HOME | PASSPORT | DAY TO DAY SYLLABUS | ELECTRIC ARTKIVE | CYBORG DIARY| ANDROIDS CLOSET

SPRING 2011 | ENGLISH 220 (SECTIONS 3 THRU 10) MAIN LECTURE, MONDAY AND WEDNESDAY @ 11AM 

PETERSON GYM (PG) 153 {WITH BREAKOUT SECTIONS ON MONDAYS AND WEDNESDAYS, AS WELL} | SDSU



Dr. William A. Nericcio with Ryan Forsythe, Tara Whitehead, 

Rebecca Howat, & Zachary Cavanaugh, AssociatedAndroids, INC.

 

ur utterly experimental and improvisational Spring 2011 sections  (Engl 220.3—Engl 220.10) of  "Introduction to Literature" will be a veritable wonderland filled with bizarre, alluring fictional bodies.  From the remarkable and haunting paintings of Rene Magritte to the irreverent and hilarious musings of Kurt Vonnegut, from the dark, sensual Long Beach in the prose of Myriam Gurba, to the (slightly demented) exotic borderlands in the writings of yours truly, our catalogue of textual and screened delights has enough controversy, outrage, and mystery to keep us busy for a lifetime. But as we have only 15 weeks to introduce ourselves to the range of artifacts that pass as literature at the dawn of the 21st Century, things will zip along at an amphetamine-laced pace!

 

Make no mistake about it: this is NOT a survey of long, white-haired, sedate, upper-crust, high literature--we will be as obsessed with film, photography, and the internet, as we will the trappings of traditional literature.  More an introduction to Cultural Studies than a long-in-the-tooth worship festival of the old classics (sorry Shakespeare, get-out th'way Milton, adios Edmund Spenser), our multi-media exercise in fictional fetishism will try to set itself apart with vivacious books, paintings, and film filled with tortured, naked, broken imaginations.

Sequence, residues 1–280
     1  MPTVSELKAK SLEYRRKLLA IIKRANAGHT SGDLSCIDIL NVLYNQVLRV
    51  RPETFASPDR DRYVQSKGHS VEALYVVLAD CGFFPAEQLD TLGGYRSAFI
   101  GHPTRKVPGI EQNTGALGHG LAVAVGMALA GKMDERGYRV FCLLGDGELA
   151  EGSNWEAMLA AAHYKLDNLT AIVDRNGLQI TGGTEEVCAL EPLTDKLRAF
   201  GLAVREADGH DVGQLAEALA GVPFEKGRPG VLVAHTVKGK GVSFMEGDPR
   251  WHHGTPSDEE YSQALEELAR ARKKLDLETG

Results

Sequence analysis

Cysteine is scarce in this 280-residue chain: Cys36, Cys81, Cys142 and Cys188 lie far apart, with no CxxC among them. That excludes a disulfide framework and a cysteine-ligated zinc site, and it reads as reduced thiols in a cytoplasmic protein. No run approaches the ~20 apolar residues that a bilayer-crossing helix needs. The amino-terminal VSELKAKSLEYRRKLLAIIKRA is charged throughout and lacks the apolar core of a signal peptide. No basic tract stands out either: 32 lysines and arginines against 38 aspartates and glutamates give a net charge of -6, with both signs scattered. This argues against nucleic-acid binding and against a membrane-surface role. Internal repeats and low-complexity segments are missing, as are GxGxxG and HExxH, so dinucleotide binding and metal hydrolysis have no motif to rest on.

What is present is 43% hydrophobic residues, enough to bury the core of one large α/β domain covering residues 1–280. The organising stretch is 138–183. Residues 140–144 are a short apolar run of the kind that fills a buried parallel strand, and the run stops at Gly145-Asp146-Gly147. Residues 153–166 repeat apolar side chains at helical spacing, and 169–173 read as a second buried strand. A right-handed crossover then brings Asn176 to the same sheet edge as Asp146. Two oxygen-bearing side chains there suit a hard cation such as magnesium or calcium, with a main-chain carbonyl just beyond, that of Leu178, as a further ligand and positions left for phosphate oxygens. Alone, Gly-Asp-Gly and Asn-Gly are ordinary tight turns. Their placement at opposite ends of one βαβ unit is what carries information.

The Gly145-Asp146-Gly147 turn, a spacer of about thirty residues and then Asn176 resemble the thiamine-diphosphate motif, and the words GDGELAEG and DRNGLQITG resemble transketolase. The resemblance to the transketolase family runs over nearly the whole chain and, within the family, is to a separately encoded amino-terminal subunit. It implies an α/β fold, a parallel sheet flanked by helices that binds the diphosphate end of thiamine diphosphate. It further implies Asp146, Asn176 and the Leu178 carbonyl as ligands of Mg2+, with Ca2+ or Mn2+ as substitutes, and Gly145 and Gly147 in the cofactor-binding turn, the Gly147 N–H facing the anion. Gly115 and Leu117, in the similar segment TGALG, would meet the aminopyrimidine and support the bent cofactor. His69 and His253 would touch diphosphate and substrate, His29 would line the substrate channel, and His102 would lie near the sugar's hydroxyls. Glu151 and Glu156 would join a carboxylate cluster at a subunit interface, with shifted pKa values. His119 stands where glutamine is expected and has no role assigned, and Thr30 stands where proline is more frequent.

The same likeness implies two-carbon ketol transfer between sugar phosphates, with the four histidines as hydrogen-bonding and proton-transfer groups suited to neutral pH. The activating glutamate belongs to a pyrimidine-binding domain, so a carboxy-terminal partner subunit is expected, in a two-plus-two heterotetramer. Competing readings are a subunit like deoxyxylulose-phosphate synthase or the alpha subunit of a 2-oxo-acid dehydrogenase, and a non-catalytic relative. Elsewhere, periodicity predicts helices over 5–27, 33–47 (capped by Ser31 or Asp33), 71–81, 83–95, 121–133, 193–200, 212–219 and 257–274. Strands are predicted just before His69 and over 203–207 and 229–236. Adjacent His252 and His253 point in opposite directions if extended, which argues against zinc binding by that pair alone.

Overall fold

We will be eccentric—ex-centric, outside the circle—as we explore the world of alternative subjectivities, "televisual" constructions (think Facebook) where individuals make and remake themselves on a daily basis.  The robotic electric will drive our curious thirst as we try to understand why our species creates versions of itself that it then re-markets (to itself) in various media: books, film, photography, the web, etc.  It turns out that the seductive fantasies, grotesque nightmares, and alluring hallucinations that our creative writers, directors, photographers, artists, philosophers make—shamans of fiction, all—form a key part of what we call our psyche: the psychology or soul that passes for the person you tell people you are.

Various folks will help us on our way: Franz Kafka, that dark closeted hallucinator whose bizarre imagination rewrites the course of 20th century literature; Dan Clowes, the graphic artist and novelist, whose Ghost World reveals the nightmare world of Americanicus Suburbia with cunning insight and vicious wit;  there are others, with the final lineup still in flux.


One last thing! I promise this class will do more for knowledge of reading, writing, and literature than this one!

 

An invitation

Though this is an English 220 class, upper-division folks and graduate students who are crazy about literature, film, and visual culture can take the class as a Engl 499 Special Study course or an English or MALAS (Master of Arts in Liberal Arts and Sciences) 798 Special Study—do please check with your department advisor before pursuing this track.  Email me at bnericci@mail.sdsu.edu for more info!


REQUIRED BOOKS








Robotic, Erotic, Electric: Televisual Nightmares, Seductive Hallucinations
and Naked Psyches in Literature, Film, Art and the Web | memogr@phics designcasa
Dr. William A. Nericcio, Spring 2011 @ SDSU